Prediabetes is a term used to describe persons who have a higher than normal blood sugar (but not high enough to confirm a diagnosis of diabetes. With respect to test results, a fasting blood sugar (glucose) level is normal if it is below 100mg/dl. Prediabetes is confirmed with fasting blood sugars between 100mg/dl and 125mg/dl; diabetes is confirmed with fasting blood sugars above 126mg/dl. Elevated (and untreated) blood sugar levels can affect overall health, increasing inflammation in the blood vessels, and raising the risk for heart disease and stroke, kidney disease and non-traumatic amputations. Persons at risk for diabetes should have be tested; knowledge is power and empowers the individual to take control of their health.
Risk factors for diabetes include having a sedentary lifestyle, being overweight, having family members with prediabetes/diabetes, having a history of hypertension (high blood pressure), smoking, and having a poor diet (fast foods, lack of fruits and vegetables, and frequent intake of sugary, carbonated drinks).
The Diabetes Prevention Program (DPP) was created years ago to address the prediabetic medical condition. The focus of education in this program is to improve your diet (lower fat intake, fresh fruits and vegetables, well balanced meals with whole grains, lower sodium, and lower cholesterol levels). There is also a focus on improving your physical activity, with a target of 150 minutes of exercise/activity a week. These combined efforts also contribute to another program goal: losing 5-7 percent of your current body weight. This relatively small amount of weight loss will lower your risk of developing diabetes.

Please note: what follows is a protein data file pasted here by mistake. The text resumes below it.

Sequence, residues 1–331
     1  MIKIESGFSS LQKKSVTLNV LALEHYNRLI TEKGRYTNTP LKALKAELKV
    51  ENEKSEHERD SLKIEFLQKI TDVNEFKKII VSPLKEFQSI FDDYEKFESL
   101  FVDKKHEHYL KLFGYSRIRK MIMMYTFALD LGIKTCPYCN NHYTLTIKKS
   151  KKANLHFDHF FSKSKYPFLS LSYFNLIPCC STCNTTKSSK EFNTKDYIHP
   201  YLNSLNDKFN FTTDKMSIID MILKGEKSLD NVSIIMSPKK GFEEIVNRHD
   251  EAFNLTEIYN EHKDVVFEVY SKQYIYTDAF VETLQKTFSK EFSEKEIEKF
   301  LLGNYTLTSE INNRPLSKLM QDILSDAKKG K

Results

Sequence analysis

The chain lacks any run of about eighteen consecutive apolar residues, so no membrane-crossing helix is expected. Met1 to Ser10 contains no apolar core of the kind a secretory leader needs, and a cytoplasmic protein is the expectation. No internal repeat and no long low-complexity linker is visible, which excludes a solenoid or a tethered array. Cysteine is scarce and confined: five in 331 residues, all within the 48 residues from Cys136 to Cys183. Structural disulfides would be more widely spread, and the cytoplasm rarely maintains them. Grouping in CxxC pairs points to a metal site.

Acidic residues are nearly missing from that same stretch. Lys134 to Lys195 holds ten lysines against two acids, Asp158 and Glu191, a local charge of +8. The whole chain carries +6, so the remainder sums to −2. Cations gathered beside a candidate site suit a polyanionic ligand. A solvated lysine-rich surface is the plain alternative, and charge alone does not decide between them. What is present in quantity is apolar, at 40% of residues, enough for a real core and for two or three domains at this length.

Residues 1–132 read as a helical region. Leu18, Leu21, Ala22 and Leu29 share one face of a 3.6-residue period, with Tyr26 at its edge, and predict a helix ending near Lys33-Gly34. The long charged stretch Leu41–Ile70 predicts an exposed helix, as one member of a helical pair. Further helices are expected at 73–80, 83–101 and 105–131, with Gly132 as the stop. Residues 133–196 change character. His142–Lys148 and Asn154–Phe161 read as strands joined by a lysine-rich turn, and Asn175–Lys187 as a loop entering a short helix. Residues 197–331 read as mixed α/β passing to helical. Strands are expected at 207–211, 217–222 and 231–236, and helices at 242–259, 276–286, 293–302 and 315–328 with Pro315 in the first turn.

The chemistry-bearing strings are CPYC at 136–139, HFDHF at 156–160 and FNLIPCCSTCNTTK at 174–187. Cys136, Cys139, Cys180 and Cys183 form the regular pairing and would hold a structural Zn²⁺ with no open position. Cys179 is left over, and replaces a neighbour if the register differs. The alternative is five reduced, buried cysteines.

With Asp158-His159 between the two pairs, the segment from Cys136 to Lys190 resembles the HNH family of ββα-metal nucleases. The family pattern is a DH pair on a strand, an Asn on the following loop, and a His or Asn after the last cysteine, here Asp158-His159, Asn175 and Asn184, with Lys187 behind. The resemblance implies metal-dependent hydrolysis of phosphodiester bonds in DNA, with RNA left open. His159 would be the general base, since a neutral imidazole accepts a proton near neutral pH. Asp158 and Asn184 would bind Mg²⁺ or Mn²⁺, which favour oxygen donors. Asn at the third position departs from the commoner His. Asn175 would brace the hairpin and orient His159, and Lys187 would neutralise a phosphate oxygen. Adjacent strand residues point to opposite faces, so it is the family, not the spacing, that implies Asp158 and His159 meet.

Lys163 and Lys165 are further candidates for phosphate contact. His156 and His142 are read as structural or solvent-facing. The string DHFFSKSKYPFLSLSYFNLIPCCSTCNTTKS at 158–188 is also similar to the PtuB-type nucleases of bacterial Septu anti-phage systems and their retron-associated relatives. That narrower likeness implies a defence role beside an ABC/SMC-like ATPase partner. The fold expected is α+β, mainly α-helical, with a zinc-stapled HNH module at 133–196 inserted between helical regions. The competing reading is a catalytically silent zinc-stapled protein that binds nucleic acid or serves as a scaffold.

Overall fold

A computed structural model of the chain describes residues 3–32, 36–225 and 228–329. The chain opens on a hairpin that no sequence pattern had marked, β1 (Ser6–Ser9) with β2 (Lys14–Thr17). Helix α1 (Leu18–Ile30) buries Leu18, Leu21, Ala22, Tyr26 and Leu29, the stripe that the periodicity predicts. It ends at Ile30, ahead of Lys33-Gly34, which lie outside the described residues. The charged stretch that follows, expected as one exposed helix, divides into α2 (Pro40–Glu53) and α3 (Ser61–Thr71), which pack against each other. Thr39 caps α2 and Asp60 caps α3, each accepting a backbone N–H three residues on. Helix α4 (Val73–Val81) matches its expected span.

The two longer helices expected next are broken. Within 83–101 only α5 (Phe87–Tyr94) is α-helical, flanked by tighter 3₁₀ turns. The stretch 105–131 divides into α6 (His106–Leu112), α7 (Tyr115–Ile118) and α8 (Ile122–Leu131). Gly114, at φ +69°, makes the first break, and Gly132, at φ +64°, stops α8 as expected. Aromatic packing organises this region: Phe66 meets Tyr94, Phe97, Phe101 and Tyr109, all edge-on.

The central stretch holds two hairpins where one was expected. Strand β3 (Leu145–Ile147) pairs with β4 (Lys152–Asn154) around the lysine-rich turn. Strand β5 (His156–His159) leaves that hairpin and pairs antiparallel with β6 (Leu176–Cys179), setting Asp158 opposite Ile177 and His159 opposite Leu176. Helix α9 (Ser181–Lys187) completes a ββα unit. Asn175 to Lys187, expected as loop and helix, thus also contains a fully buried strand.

Research connected with the Diabetes Prevention Program have shown that this program lowers the risk of developing diabetes by as much as 57 percent. The basis of the program is lifestyle changes, not medication. Simple diet and exercise have consistently shown stronger results than first line medications being prescribed for prediabetes.
For more information on the Diabetes Prevention Program, please contact the local chapter of the American Diabetes Association. The program information can also be found on the Centers for Disease Control and Prevention (http://www.cdc.gov/diabetes/basics/prediabetes.html)
As stated earlier, knowledge is power when it comes to diabetes prevention. Many people do not know what their blood sugar level is, nor are they aware they are at risk for diabetes. Elevated blood sugar levels are often asymptomatic, meaning they are not causing any medical symptoms. By getting checked for diabetes, you will put yourself in the best position to take an active role in your own good health. Know your risk factors, and lower your risk of chronic health conditions.
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